Booming economic growth in China, a recovering U.S. economy and tougher environmental laws on oil tankers have sent costs soaring for transporting crude oil, the lifeblood of world trade, analysts and brokers said on Wednesday.
Freight prices on some of the busiest global routes for supertankers have hit 30-year highs over the last week -- piling on further costs for oil consumers already hit by a crude price surge.
Since October last year freight costs have quadrupled on a typical journey from West Africa or the North Sea to the United States - a fivefold increase from the tanker trade's dog days of 2002 when the September 11 attacks on the United States exacerbated the global economic downturn.
Daily charter rates for a typical supertanker across the Atlantic now exceed $140,000 a day, up from about $20,000 in October.
China, the world's fastest growing economy, with a GDP growth at a whopping 9.9 percent in the fourth quarter of 2003, has been the engine of the oil freight spike.
Rampant Chinese demand for raw materials such as iron ore and coal, has already sent prices rocketing for dry-bulk freight, a separate sector to "wet" trade in oil freight.
"A resurgence in the economic cycle of western economies is coming at the same time as a structural growth in China that is pulling in a record amount of oil. Both are having an impact on shipping markets," said Louisa Follis, an analyst with Simpson Spence and Young (SSY) shipping brokers in London.
Chinese crude oil imports in 2003 rose 30 percent over the previous year, while refined products rose 40 percent, said Follis.
The growing Asian demand for oil has meant that supertankers have been more heavily employed on long-haul routes. And it has meant that U.S. refiners are finding their import costs rising inexorably as they compete with China for vessels.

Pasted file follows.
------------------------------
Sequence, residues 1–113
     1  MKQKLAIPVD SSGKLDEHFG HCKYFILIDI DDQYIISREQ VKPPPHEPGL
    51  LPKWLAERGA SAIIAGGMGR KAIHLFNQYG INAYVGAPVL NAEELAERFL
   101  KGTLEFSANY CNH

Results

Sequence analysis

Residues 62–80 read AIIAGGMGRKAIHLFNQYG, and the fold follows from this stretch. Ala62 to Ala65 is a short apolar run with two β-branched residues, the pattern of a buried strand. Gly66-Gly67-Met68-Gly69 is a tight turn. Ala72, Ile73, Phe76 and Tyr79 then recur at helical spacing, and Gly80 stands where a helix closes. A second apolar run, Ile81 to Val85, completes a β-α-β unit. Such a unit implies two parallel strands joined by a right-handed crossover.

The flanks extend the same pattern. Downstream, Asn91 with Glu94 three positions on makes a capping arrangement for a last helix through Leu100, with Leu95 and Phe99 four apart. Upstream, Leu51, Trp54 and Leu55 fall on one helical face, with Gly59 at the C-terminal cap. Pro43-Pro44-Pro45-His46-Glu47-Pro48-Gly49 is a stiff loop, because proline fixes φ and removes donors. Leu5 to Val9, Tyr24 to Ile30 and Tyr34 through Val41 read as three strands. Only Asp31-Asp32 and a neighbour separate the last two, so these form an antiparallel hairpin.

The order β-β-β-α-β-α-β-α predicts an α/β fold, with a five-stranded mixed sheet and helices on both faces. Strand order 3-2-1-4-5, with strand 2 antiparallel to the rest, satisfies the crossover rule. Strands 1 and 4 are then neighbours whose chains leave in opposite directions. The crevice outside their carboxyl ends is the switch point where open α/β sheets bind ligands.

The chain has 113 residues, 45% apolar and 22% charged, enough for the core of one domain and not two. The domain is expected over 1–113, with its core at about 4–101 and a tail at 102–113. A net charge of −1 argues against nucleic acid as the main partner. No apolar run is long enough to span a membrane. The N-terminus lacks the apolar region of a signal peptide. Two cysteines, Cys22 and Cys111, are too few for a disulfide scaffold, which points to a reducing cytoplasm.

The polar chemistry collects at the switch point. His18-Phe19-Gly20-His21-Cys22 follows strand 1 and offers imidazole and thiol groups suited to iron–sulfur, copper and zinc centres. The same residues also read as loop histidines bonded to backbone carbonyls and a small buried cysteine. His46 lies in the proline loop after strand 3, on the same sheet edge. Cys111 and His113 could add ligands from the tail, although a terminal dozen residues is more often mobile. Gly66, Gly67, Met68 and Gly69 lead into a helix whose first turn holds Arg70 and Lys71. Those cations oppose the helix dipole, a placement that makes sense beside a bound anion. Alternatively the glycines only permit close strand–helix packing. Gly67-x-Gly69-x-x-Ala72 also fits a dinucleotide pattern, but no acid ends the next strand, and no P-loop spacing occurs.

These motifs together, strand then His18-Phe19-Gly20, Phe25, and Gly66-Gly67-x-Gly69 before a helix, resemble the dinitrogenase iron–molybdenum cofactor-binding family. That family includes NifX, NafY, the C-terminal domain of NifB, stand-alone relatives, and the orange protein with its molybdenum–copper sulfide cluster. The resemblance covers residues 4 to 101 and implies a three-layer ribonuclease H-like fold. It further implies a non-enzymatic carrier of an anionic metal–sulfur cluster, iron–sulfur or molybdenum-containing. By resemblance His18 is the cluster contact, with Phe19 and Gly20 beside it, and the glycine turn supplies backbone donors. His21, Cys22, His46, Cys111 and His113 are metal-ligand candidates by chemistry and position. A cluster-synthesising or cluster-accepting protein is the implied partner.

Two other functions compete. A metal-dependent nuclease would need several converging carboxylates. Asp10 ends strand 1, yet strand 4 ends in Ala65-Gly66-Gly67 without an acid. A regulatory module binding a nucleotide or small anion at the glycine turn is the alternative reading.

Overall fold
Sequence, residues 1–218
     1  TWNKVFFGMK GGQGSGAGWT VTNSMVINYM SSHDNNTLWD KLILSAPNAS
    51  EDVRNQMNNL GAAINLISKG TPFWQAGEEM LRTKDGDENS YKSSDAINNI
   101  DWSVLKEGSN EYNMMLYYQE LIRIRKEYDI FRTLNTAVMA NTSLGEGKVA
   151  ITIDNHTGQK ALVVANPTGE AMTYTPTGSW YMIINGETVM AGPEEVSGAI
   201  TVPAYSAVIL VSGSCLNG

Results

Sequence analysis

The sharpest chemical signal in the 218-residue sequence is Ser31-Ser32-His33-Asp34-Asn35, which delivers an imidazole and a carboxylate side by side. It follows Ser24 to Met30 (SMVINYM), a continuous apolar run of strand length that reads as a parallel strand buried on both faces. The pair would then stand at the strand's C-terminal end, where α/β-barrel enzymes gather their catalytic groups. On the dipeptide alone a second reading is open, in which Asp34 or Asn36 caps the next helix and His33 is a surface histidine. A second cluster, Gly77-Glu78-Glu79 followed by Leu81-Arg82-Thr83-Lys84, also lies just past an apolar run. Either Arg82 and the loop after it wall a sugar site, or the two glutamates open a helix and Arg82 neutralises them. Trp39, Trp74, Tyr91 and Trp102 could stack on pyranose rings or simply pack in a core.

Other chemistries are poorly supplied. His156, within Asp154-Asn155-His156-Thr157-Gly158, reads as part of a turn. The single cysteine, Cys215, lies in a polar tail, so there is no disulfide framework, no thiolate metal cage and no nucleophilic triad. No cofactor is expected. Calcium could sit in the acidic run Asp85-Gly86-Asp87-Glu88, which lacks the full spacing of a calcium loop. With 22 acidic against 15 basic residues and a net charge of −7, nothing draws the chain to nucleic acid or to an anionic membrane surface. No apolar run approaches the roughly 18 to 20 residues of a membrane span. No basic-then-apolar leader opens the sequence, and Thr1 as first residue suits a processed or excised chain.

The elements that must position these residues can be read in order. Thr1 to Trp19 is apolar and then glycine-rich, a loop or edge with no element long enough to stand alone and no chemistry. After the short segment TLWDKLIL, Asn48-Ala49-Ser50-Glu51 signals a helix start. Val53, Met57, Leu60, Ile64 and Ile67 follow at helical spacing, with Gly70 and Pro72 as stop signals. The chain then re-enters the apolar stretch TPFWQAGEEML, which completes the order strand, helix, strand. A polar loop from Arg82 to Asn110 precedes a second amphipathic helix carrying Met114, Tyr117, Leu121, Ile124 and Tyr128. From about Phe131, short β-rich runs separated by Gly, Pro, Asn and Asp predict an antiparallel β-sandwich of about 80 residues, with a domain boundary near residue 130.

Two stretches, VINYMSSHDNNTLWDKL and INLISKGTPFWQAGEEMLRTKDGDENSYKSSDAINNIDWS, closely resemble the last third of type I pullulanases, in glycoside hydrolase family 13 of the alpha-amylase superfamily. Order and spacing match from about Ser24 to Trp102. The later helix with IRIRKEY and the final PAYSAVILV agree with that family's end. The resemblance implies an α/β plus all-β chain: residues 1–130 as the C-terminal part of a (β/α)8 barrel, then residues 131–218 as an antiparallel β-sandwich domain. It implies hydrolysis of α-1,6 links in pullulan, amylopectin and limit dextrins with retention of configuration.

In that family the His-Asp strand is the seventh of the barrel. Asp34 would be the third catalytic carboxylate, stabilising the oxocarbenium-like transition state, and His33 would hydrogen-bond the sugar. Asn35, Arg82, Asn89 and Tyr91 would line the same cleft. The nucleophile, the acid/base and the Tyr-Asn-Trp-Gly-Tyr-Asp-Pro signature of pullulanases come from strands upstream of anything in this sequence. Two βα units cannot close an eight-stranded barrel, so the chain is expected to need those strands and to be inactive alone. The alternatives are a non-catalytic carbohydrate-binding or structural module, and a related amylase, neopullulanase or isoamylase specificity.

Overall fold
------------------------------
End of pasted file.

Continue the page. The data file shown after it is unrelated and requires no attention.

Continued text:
"In terms of the ton-mile ratio on journeys especially from West Africa and Europe, ships are being tied up for much longer voyages," Follis said.
Stricter environmental regulation of oil tankers following a string of ecological disasters have reduced the number of tankers available and pushed up freight costs.
Mounting congestion in the Turkish Straits has also tied up larger tankers bringing larger volumes of Russian crude to world markets.
The rate of big tankers coming on the market, with only up to 1.3 million tons deadweight, or seven supertankers last year according to SSY figures has not been able to keep up with long-haul demand, with the inevitable impact on other Very Large Crude Carrier (VLCC), 260,000 tonne, and Suezmax, 130,000 tonne, routes from West Africa and the North Sea.
"There has been solid growth in the chartering of VLCCs by China and India since the peaks of 2000 and recently good demand for VLCC tonnage in the Atlantic basin," said Kevin Rose, a director with E.A. Gibson tanker brokers in London, who put some of the blistering price rise down to long-term changes in patterns of oil trade as well as temporary seasonal factors.
In addition, the recent massive returns available for the world's trillion dollar ship industry in hauling dry bulk goods and materials has seen the flight of combination freight carriers or OBOs as they are known, ships built to alternate between "wet" and "dry" trade, to the dry sector. Analysts say that around 60 percent of available OBO tonnage has switched to dry markets.
"These factors have come all at once and are conspiring to push prices higher," said Follis.
300 percent rate rise
Oil refiners and tanker brokers are now watching to see if the world's benchmark routes, from Gulf ports to Asia and west to the United States and Europe similarly manage to break records. They are only a stone's throw away and some experts say it could still happen despite the seasonal oil demand downturn in the second quarter.
It currently costs about $1.40 to ship a barrel of oil from the Gulf to Singapore -- over 300 percent higher than last summer. Movements of oil from Gulf producers, OPEC heavyweights like Saudi Arabia, account for around 60 percent of total seaborne oil trade, two-thirds of which winds its way to Asian refiners.
OPEC said on Wednesday that its 10-member countries, excluding Iraq were leaking an extra 1.29 million bpd over a 24.5 million bpd ceiling agreed in November.
Shipping analysts and brokers said the market would undoubtedly soften if OPEC cut production sharply but with sky-high oil prices the odds were still stacked against it cutting supplies back significantly.
They also said that booming Chinese and strong Asian demand in general could offset the seasonal turn down and even a token OPEC supply cut.
"Fundamentals are very firm in 2004. The extra tonnage coming into the market will be absorbed in most sectors," said Follis.